Definition of axiology in English:

axiology

noun

mass nounPhilosophy
  • 1The study of the nature of value and valuation, and of the kinds of things that are valuable.

    ‘one of the central questions in axiology is this: what elements can contribute to the intrinsic value of a state of affairs?’
    • ‘It seeks to define, establish, defend, and vindicate the presuppositions of Christian theology in the areas of metaphysics, epistemology, and axiology.’
    • ‘A helpful assumption often made in axiology is that intrinsic value is had not just by anything at all, but rather by states of affairs or propositions.’
    • ‘I discuss the relation between existential risks and basic issues in axiology, and show how existential risk reduction can serve as a strongly action-guiding principle for utilitarian concerns.’
    • ‘War, as profitable as it can be, is just one highly revealing token of how an implicit axiology grounded in money cannot but uproot life.’
    • ‘We conclude that there is an internal ethics or axiology within research perspectives and methodologies that needs to be examined where ethnoracial issues are prominent.’
    • ‘An Associate Professor, she teaches and writes about philosophy and anything that calls for critical thinking, especially in the areas of axiology, social sciences, and epistemology.’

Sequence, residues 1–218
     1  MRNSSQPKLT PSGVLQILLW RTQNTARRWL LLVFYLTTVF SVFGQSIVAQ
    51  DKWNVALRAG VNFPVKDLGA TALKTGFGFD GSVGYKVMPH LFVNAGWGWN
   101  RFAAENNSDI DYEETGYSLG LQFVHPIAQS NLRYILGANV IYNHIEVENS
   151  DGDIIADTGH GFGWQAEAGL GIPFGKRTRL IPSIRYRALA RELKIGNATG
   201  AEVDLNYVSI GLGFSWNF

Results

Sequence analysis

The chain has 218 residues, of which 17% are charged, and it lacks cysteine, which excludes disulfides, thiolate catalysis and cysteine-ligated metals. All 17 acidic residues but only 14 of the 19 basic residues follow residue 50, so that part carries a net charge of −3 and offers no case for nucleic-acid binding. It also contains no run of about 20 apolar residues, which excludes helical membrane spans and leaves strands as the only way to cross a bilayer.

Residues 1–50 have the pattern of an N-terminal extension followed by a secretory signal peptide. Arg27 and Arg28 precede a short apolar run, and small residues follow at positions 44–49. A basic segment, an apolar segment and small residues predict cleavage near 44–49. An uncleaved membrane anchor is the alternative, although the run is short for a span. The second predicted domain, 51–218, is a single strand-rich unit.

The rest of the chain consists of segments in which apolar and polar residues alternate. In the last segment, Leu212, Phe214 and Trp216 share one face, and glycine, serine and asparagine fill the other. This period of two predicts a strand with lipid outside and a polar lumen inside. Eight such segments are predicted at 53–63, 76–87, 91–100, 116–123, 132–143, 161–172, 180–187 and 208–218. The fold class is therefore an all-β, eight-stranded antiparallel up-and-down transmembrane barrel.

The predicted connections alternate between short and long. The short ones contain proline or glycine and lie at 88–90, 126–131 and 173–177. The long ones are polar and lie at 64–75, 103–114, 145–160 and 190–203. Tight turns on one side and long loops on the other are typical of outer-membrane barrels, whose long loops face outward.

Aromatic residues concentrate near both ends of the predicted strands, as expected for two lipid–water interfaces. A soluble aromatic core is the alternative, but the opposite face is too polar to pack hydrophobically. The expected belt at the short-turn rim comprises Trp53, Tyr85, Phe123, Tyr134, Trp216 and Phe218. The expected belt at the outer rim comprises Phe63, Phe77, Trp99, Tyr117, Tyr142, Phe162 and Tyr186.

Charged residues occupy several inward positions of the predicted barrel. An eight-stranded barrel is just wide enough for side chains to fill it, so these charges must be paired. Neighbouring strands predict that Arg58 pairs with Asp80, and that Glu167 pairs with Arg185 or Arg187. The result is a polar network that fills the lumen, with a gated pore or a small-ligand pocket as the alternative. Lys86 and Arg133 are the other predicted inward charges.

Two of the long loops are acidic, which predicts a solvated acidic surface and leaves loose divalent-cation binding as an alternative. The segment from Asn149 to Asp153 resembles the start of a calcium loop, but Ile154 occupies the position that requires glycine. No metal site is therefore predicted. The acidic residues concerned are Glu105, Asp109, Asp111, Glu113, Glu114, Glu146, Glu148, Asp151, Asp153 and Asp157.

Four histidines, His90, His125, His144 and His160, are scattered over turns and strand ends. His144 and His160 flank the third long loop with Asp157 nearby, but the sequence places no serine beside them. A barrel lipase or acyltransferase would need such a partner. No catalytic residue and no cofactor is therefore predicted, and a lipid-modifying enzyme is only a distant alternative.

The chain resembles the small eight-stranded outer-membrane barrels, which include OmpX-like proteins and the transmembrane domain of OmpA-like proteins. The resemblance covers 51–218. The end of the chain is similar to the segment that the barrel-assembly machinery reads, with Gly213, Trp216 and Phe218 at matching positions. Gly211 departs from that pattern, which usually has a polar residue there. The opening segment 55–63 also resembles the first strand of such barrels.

• ‘The superfield within philosophy known as axiology includes both ethics and aesthetics and is unified by each sub-branch's concern with value.’
    1. 1.1count noun A particular theory of axiology.
      ‘all consequentialists start with an axiology which tells us what things are valuable or fitting to desire’
      • ‘She assumes an expressivist axiology, a subjective epistemology, an expressivist view of the composing process, and a mixed pedagogy.’
      • ‘If you espouse a rhetorical axiology, do the majority of your responses focus on the writer's persona, purpose, and audience?’
      • ‘Diversity rather responds to a need for nuance and sophistication, for particular solutions tailored to the specificities of different problems, drawing on different axiologies.’
      • ‘This version of consequentialism has an incredibly implausible axiology.’
      • ‘It can be argued that the law of armed conflict and human rights law have diametrically opposed, or at least incompatible, axiologies.’

Origin

Early 20th century: from French axiologie, from Greek axia ‘worth, value’.

Pronunciation

axiology

/ˌaksɪˈɒlədʒi/